Delhi Tribunal rules on pre-amended Mauritius DTAA

Dec 13, 2022

In the recent MIH India (Mauritius) Limited case, the Delhi Bench of the Income-tax Appellate Tribunal (the “Delhi Tribunal”) held that the income earned by way of capital gains by a Mauritius tax resident on the sale of shares of an Indian company is not taxable in India under the pre-amended Article 13(4) of the double taxation avoidance agreement between India and Mauritius (the “Mauritius DTAA”). 

Background and facts

Article 13(4) of the Mauritius DTAA, inter alia, provides that the gain from the alienation of any property is taxable only in the Contracting State of which the alienator is a resident.  On May 10, 2016, India’s Central Board of Direct Taxes (the “CBDT”) issued a press release

announcing the signing of the protocol amending the Mauritius DTAA under which India now has the right to tax capital gains arising from the alienation of shares of an Indian resident company that are acquired on or after April 1, 2017.  However, shares acquired before April 1, 2017 (i.e., the pre-amended period) will not be subject to capital gains tax even if transferred after April 1, 2017 (commonly known as the grandfathering provision).

MIH India (Mauritius) Limited (the “Taxpayer”) holds a valid tax residency certificate issued by the Mauritius tax authorities and is a subsidiary of a company based in the Netherlands.  The Taxpayer acquired the shares of an Indian company in September 2016 and sold the shares before March 31, 2017 to another India-based company resulting in short-term capital gains that was claimed as exempt under Article 13(4) of the Mauritius DTAA.  The Indian tax authorities held that the Taxpayer was merely a conduit entity through which its holding company in the Netherlands had invested, and hence, the Taxpayer was not entitled to benefits under the Mauritius DTAA.  The Indian tax authorities took the view that because the effective control and management of the Taxpayer was with holding company in the Netherlands, the provisions of the India-Netherlands DTAA should apply to the transaction.

At the time the assessment order was passed in this case on April 6, 2022, India and Mauritius were signatories to the “Multilateral Convention to Implement Tax Treaty Related Measures to Prevent Base Erosion and Profit Shifting,” referred to as the Multilateral Instrument (the “MLI”) that was deposited  by India with the OECD.  The Indian income tax authorities took the position that the MLI came into force in India on October 1, 2019, and therefore, the Mauritius DTAA was now a Covered Tax Agreement (the “CTA”), i.e., a double taxation avoidance agreement in force between parties but as modified by the MLI.  In the case of Mauritius-based tax residents, this enabled the Indian tax authorities to take a position that the settled law in the Azadi Bachao Andolan case would not apply.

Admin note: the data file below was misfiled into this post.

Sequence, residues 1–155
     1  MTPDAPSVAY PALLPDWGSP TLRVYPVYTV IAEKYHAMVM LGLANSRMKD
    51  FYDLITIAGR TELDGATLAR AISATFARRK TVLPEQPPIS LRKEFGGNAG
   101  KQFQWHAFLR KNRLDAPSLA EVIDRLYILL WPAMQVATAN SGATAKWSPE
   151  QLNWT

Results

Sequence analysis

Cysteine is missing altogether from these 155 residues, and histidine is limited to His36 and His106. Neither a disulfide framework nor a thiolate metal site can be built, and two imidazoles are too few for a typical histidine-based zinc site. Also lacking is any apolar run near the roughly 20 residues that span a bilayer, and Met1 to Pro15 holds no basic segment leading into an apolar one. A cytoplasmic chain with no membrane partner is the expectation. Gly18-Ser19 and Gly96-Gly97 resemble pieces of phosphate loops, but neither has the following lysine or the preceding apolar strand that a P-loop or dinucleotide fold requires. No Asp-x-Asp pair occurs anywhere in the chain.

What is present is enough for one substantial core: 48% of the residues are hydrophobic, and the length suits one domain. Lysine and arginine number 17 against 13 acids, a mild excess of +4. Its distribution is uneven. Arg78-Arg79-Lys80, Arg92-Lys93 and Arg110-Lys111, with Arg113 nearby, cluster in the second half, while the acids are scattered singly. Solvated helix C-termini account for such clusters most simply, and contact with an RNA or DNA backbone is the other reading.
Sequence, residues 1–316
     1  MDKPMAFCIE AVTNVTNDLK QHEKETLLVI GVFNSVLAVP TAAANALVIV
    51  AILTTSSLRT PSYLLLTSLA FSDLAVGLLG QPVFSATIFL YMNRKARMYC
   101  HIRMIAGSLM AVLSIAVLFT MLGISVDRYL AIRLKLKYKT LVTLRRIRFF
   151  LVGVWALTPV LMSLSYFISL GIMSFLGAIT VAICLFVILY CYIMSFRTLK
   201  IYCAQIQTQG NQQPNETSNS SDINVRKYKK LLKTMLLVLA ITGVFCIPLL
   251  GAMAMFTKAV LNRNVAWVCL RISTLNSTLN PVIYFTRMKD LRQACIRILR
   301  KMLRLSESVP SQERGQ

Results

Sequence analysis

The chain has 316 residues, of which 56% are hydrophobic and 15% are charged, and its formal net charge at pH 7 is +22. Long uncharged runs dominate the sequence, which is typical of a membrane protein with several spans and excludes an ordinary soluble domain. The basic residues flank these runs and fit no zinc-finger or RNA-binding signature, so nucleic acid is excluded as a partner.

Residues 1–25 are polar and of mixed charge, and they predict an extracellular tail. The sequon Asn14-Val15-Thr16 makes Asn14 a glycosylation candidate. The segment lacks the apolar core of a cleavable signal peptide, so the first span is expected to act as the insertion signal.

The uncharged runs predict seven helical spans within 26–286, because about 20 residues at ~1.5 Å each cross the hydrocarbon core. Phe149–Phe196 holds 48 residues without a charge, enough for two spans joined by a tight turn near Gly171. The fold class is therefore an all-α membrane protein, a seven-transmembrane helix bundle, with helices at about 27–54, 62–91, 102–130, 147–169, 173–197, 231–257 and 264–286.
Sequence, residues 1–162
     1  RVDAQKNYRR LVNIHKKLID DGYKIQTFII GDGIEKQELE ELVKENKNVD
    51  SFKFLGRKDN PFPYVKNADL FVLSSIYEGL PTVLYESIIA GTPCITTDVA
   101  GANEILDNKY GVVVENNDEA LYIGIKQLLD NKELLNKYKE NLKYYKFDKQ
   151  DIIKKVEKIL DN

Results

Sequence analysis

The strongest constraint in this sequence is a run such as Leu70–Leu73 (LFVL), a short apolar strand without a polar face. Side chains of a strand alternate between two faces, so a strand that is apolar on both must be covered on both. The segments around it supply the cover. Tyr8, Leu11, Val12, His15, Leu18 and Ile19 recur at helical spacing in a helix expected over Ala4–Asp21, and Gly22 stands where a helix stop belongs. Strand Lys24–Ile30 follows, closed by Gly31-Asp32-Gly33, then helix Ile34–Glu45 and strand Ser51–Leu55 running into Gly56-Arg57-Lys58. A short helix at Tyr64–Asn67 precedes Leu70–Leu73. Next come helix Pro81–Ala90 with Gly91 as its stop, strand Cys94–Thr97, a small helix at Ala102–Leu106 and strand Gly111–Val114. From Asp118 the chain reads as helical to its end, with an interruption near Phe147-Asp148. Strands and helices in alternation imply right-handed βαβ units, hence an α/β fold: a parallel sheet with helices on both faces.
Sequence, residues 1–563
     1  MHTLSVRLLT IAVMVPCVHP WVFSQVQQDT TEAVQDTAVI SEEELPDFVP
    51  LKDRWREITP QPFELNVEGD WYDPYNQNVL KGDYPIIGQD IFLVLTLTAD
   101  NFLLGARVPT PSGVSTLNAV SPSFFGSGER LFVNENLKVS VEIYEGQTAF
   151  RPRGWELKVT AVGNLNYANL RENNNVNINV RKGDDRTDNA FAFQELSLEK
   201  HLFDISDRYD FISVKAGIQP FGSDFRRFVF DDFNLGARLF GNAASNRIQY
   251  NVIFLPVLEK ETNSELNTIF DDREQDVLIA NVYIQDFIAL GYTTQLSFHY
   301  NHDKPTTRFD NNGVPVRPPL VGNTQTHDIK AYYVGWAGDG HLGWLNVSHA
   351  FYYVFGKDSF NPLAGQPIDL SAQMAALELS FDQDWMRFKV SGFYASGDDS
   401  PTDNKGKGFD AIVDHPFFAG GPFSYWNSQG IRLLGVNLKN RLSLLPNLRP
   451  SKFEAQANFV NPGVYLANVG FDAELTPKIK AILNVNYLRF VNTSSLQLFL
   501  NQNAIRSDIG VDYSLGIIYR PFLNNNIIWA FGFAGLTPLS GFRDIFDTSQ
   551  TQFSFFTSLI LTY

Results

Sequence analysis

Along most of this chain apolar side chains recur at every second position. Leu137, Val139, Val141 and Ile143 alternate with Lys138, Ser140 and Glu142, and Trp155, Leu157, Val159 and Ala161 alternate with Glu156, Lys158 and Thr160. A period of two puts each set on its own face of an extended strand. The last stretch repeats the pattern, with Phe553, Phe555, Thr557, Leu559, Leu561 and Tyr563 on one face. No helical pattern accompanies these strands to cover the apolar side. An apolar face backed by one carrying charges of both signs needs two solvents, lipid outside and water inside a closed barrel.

Delhi Tribunal Ruling

Notably, the Delhi Tribunal relied on the CBDT Circular Number 789 dated April 13, 2000 (the “CBDT Circular”) and held that the tax residency certificate issued by the Mauritian tax authorities in favour of the Taxpayer would constitute sufficient evidence to accept the residential status as well as beneficial ownership of the Taxpayer in Mauritius.  The Delhi Tribunal ruled that as the shares were acquired prior to April 1, 2017, the Taxpayer would be covered under the pre-amended Article 13 of the Mauritius DTAA on capital gains tax benefit (generally referred to as the grandfathering provision), and the CTA would not come into play.  

In addition, the Delhi Tribunal highlighted that the Taxpayer was not a conduit company or a fly by night operator, as it had been incorporated in Mauritius in 2006 and had been carrying on investment activity in India as well as other jurisdictions on a consistent basis.  Further, the audited financial statements indicated that the Taxpayer had made substantial investments in India.  Merely because the Taxpayer had taken loans from its holding company to invest in the shares of the Indian company could not be a reason to treat the Taxpayer as a conduit company.

Our Comments